A Winter Walk in Moseley Park Without the Music

A small queue of eager and somewhat merry middle-aged men in shorts and t-shirts clutching pint glasses waited patiently for their hero to arrive as the low Friday evening sun slanted through the trees to the pumping sounds of obscure 60’s soul records. Every few minutes snooker legend Steve Davis would take a break from his hour-long DJ set (performed in a small wooden boat) to pose with the fans who were jubilant to get a selfie with this icon of 1980’s British sport. I sat there on the grass watching this unfold with a sense of bemusement and wonder, not just at Davis’ heroic career metamorphosis but also at how perfect this was for the Moseley Jazz, Funk and Soul Festival. This is the only place in Birmingham I’d get to witness a scene like this.

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Photo credit: Lizi Bird

Fast forward 6 months and I was back in Moseley Park on a cold, crisp winter morning. Gone are the stages, the beer tents and the snooker icons. Gone are the crowds, the smells and the unhinged hippies dancing by themselves. It’s almost unrecognisable. I’d never been to Moseley Park outside of the festival so it was quite a novel experience. It’s not too different to any other park – it’s quiet, it’s pretty, there’s people walking dogs and ducks doing very little. My only point of reference for this place though is those three euphoric days that take place every July and to see it in such a sparse and tranquil state was startling.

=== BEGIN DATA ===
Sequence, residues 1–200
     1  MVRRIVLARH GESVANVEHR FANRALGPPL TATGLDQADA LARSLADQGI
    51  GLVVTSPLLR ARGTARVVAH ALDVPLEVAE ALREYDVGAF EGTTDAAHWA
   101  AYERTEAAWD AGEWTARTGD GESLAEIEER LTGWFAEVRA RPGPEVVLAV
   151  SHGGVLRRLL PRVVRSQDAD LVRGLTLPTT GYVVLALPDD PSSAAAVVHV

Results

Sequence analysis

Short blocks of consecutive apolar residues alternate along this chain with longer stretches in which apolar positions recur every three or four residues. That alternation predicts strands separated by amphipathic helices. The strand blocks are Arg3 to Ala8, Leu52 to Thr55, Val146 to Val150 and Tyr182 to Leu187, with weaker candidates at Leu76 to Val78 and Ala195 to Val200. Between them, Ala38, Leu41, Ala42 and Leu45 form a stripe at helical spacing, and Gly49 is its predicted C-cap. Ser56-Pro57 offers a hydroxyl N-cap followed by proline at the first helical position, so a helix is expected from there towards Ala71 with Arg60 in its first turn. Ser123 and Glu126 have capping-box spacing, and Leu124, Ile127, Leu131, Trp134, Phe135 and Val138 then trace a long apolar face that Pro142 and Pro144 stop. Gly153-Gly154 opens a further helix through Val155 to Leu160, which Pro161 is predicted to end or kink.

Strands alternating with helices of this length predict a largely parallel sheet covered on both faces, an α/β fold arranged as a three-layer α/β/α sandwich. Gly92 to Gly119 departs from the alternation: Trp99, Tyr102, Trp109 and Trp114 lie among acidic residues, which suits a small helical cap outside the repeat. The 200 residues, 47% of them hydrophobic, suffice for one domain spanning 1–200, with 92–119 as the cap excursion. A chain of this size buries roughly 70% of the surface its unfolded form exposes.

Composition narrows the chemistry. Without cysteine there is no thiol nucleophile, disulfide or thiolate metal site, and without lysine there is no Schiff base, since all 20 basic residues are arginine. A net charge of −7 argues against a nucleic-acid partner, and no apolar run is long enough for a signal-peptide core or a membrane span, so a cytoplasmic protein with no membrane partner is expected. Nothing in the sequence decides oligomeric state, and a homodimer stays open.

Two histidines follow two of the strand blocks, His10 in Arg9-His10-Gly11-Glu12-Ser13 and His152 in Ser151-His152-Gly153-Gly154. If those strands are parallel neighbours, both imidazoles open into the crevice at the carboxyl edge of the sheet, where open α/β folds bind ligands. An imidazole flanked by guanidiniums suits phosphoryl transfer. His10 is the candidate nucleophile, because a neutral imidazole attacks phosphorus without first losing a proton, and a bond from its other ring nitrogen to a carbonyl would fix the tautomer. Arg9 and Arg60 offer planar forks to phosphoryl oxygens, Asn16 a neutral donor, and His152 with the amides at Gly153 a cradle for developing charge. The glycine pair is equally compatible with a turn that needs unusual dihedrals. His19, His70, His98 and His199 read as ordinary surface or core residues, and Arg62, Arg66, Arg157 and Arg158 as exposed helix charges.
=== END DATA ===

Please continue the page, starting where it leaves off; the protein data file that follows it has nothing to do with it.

I was there as part of a photography walk organised by The Moseley Exchange to take advantages of its lush settings and to try and move on from ‘auto’ mode on my camera and get a bit more serious about the medium. I still feel like I don’t know my long lens from my Len Goodman but where there’s a will there’s a way. Every photo I’ve ever included on this blog has been taken on my trusty Huawei P20 Pro (apart from the first couple of posts, they were with my old iPhone 5s) and it’s time for that to change.

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The distant winter sun shone through the skeletal trees, casting long shadows across the damp, cold grass. The lake at the bottom of the hill was placid and peaceful as we walked around its edge with every new view presenting a potential photo opportunity. St Anne’s Church towered in the distance as gaunt looking tree branches hung over the water like witches fingers. Even in the deep end of winter the bucolic serenity of this exclusive corner of Birmingham never fails to captivate.

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I fiddled between ‘aperture priority’ and ‘shutter priority’ mode as my valiant attempt to shed myself from the chains of ‘auto’ finally took off. It’s an empowering feeling to have more control over what you’re shooting but it’s daunting at the same time, knowing the learning curve that awaits. My shots ranged from some pretty silhouettes across the lake to some comically blurred out ducks.

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Everyone else on the walk was really friendly and seemed to have a lot more experience than I did but I never felt out of place. It’ll take time but I’m excited about the possibilities. And if Steve Davis can get behind the turntables then I can definitely shoot on Manual.

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